How to Curve a Hockey Stick at Home
So you've always wanted that wicked curve you see the pros sporting? The type of curve you can slide a quarter under and still have room to spare. Well, you've come to the right place. This article will teach you how to take a fairly lame curve from the factory and turn it into the type of curve you can wrap around the puck.
Heat the blade. The first step in turning that straight, factory curve into a work of art that will widen the eyes of your teammates is to heat it up. Simply go to the stove and crank the heat up on the front burner—the hotter the better. It all depends on how comfortable you are with you oven skills. Once you see the burner turning orange, you know it's time to introduce the stick. This is where you need to be careful. Over-cooking your blade can ruin your brand-new stick and that's a costly mistake. Take your stick and gently slide the blade so that it is floating a couple inches above the hot burner. Keep sliding the blade slowly back and forth over the heat source until you start to hear what sounds like frying bacon. The sound will be subtle. Don't pull the blade too soon. A good 30 seconds of that crackling sound means that the outer coating on the blade is just about ready.
Bend the blade. When you feel you've softened the outer coating enough, it's time to put that quarter or better bend on your blade. You need to find a suitable place to stick the blade so that you can really torque on the thing. It seems that ovens were made for putting better curves on sticks. Because not only do you heat the blade on the burner, the bottom of the stove is the perfect size for sliding a blade under and working on it until it has that curve that will create nothing but jealously with your teammates. So, once you crackled the outer surface for the appropriate amount of time (30 seconds to a minute) take the blade and quickly slide it under the oven, forehand up. Make sure that the blade is over 75 percent under the oven and wedged in there so that it won't move on you. Then start cranking up on the shaft, forming that jaw-dropping curve you've been dreaming about. Once you have the curve where you want it, hold it in place for approximately 60 seconds. This will allow the outer coating to cool and harden so that new curve of yours will hold shape. Be careful that you don't over-crank the curve, as heating the blade tends to weaken the wood or fiber ever so slightly.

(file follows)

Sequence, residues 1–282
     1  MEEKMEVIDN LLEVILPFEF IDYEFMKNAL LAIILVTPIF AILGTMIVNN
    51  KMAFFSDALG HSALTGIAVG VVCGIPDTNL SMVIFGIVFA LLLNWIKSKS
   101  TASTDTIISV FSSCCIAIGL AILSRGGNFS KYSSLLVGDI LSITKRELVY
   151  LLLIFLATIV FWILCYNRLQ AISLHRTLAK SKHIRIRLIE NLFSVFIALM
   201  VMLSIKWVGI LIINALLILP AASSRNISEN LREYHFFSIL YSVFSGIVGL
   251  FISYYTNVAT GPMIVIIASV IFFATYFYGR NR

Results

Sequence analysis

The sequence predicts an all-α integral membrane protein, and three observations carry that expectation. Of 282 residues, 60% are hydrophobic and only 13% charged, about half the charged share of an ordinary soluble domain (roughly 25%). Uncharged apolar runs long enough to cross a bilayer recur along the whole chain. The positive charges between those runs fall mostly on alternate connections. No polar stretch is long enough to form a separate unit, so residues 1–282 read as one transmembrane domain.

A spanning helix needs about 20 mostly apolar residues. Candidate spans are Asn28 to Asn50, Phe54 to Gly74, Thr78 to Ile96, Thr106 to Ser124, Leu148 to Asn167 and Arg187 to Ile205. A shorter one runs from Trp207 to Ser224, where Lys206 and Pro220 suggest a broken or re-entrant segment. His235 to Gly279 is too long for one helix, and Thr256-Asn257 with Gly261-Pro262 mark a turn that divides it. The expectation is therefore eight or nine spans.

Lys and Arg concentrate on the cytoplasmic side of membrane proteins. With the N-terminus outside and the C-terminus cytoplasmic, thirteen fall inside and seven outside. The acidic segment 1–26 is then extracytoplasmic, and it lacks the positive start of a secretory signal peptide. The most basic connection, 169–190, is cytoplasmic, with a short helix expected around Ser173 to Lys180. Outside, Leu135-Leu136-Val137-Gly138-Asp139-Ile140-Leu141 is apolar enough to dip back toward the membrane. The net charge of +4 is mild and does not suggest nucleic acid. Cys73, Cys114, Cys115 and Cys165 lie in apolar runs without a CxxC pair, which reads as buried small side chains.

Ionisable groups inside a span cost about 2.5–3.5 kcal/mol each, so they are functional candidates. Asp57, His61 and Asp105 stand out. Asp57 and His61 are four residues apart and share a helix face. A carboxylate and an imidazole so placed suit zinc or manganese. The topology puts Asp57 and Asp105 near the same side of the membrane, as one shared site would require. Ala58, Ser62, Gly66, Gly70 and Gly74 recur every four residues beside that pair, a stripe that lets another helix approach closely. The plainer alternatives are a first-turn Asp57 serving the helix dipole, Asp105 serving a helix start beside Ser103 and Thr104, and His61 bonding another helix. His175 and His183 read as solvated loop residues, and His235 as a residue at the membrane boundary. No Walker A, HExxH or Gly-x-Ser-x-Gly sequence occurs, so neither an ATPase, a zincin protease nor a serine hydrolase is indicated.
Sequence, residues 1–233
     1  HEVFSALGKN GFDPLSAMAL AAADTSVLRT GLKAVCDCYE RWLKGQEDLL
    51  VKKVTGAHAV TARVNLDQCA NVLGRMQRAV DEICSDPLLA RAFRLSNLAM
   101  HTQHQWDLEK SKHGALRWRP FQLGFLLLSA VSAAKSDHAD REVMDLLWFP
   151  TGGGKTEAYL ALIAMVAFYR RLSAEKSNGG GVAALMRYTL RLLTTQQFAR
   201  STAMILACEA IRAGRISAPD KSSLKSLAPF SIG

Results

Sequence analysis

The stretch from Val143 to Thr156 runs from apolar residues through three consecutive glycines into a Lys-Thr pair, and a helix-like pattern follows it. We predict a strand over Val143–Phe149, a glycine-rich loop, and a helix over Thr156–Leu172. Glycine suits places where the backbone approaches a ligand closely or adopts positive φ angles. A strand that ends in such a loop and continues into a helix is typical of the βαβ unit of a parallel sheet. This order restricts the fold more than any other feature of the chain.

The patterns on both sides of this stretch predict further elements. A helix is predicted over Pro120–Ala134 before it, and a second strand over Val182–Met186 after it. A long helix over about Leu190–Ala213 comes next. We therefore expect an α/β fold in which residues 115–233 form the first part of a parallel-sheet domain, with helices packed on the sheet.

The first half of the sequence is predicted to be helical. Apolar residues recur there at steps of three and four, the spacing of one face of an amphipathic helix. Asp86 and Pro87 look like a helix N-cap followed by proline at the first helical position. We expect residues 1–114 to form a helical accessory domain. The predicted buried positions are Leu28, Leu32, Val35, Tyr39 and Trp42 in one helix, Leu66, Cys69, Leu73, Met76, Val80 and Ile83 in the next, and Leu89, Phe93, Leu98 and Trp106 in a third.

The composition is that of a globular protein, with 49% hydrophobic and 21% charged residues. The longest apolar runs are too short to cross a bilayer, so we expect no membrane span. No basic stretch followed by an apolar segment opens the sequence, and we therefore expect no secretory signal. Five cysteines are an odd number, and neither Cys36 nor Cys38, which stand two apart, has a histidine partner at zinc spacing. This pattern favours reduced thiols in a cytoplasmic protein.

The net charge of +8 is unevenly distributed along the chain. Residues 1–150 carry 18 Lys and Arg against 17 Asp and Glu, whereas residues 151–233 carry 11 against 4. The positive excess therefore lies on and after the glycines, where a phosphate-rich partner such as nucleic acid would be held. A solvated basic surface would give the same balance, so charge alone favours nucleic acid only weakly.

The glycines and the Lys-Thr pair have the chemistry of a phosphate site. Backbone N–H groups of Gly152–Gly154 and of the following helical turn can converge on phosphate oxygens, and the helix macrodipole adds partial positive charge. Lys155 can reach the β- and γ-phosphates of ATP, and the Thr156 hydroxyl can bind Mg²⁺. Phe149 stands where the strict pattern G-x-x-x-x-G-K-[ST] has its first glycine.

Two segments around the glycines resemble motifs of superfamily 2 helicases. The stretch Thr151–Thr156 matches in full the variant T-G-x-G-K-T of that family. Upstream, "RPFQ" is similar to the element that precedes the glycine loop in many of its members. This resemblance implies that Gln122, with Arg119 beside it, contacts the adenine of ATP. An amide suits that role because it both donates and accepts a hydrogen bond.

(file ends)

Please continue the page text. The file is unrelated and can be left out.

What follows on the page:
Do a top-shelf tape job. Now that you've got that legendary curve, let's talk about how you tape it like an old-school pro. Don't use white tape. Don't use duct tape. The only tape that you should be using to tape your stick is black sticky tape. Too many posers out there use the black tape but they use the cloth stuff, not the black sticky . Black sticky not only sucks tight to the blade (like it was glued on) it has sticky on the outside which means that the puck will hold better than ever to that awesome new curve and your moves just got a million times better. Time to get the foil coach.
Ovens can get very hot. Be careful when playing with the oven or you may get burned.
- Ovens can get very hot. Be careful when playing with the oven or you may get burned.
Patrick Cameron is a freelance writer with 10 years of diverse experience in consumer goods branding, promotions and retail communications. He works out of his home in Denver, Colo. He received his Bachelor of Arts in mass communication from the University of Minnesota.